Our inspiration for this idea came from the scope of mock Customer data present in Capital One's API. With 50,000 people spread to the ends of the globe, our first thought was "How would this data look if it was plotted globally?". Naturally, we did not want to plot the latitude, longitude, and magnitude (income) of each customer individually, so we created an application that does it for us.
What it does
Income Visualization utilizes the mock Customer data present within Capital One's API and WebGL to create a 3D globe with customer location and income represented visually, with a persons given balance in their account as the data's magnitude. You could apply this method of data visualization to a variety of data sets and represent the data in a variety of different formats.
How we built it
We first obtained our data from Capital One's Customer API, which returned a customer ID and address information. We then used the ID to map the address to that customer's balance, which was found by the Accounts API. From there, we plugged the address into Google's Geocoding API which returned longitude and latitude data. Once we obtained that, we were able to loop through all accounts to obtain a JSON containing user location and balance data, and fed that into the WebGL 3D globe visualization.
Challenges we ran into
For the data gathering side of the project, the main challenge was obtaining any significant amount of data from Google's Geocoding API, as there was a requests per second limit, normally around ten. For some reason, our project had an unusually low limit, so even when exceeding two requests per second we got denied further requests, and as a result were not able to obtain all ~57000 addresses. We ended up getting only around 700 people in the Northeast in the end. When it came to plotting the data with WebGL, we came across many problems including the readme not working initially, lack of online support for the project, scaling problems with the magnitude of the data, and the data on the globe not being changed even when replaced with a different JSON. Overall, it took around twelve hours to get everything in order with the globe visualization.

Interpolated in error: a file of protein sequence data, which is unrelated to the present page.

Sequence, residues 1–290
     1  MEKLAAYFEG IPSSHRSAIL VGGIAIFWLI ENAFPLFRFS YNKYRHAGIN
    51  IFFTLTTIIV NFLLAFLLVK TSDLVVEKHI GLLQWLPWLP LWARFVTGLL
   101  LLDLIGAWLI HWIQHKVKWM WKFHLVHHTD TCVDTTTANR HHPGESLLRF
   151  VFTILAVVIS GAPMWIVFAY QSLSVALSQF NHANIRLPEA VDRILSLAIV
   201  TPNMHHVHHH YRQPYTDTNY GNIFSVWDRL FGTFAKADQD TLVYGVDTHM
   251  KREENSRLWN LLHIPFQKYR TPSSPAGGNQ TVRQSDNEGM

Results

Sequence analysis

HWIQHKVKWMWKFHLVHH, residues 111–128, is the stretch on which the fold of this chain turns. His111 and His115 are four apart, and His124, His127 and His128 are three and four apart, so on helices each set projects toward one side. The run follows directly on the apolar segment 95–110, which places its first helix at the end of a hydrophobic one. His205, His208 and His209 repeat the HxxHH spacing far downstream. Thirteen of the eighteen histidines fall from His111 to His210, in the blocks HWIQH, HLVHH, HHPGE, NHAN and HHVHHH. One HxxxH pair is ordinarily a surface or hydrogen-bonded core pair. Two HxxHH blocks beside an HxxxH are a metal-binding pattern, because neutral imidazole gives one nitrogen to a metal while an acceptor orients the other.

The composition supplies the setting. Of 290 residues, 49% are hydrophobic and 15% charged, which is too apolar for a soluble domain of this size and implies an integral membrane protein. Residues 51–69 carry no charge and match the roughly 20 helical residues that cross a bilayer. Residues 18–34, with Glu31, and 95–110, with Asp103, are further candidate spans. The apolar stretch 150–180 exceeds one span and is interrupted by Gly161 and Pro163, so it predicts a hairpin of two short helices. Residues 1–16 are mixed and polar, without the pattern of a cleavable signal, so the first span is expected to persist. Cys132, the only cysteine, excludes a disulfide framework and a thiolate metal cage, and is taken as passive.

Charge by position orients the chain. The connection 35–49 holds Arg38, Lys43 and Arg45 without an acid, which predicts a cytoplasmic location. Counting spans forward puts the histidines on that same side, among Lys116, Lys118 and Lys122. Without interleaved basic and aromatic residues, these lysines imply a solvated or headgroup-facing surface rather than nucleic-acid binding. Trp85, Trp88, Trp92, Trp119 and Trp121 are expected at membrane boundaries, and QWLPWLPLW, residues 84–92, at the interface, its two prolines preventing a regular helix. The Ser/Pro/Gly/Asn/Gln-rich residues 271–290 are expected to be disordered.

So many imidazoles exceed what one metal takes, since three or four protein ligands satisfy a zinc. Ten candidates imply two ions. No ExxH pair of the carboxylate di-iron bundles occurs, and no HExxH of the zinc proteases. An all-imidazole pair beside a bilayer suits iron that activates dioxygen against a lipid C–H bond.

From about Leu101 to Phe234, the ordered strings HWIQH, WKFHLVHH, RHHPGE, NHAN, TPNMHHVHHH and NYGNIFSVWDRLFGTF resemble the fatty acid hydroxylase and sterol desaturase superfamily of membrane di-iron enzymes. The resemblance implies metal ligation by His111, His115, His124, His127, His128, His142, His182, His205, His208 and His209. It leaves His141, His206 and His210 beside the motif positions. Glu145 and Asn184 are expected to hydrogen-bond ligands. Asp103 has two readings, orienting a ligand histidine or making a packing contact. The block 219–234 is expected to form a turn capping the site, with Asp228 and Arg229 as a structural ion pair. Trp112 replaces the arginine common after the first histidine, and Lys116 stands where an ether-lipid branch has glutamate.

Accomplishments that we're proud of
We're proud of linking several different API's together to obtain a solid output, as well as being able to utilize WebGL to give a stylish representation of our data.
What we learned
How to fully utilize a given API, how WebGL's library can be used for visualization, and how to properly use Google Developer Console. Working around API request limits was also very informative.
What's next for Income Visualization
We are currently working on integrating Income Visualization with Microsoft Face API. The result would be an application that can identify a customer and retrieve their data using only the customer's face.